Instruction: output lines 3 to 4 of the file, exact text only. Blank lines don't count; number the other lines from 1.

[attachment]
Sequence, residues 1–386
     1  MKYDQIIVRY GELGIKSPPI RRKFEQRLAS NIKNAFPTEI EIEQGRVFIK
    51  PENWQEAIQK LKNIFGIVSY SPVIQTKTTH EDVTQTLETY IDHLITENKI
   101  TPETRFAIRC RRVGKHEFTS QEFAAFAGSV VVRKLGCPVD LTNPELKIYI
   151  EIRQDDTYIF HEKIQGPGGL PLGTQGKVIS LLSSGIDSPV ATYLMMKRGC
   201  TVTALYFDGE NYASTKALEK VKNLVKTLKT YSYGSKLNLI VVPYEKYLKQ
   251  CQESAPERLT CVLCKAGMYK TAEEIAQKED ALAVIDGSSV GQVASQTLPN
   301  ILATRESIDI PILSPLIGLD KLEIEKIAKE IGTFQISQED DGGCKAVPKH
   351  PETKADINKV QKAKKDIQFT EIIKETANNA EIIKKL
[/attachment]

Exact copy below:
    51  PENWQEAIQK LKNIFGIVSY SPVIQTKTTH EDVTQTLETY IDHLITENKI
   101  TPETRFAIRC RRVGKHEFTS QEFAAFAGSV VVRKLGCPVD LTNPELKIYI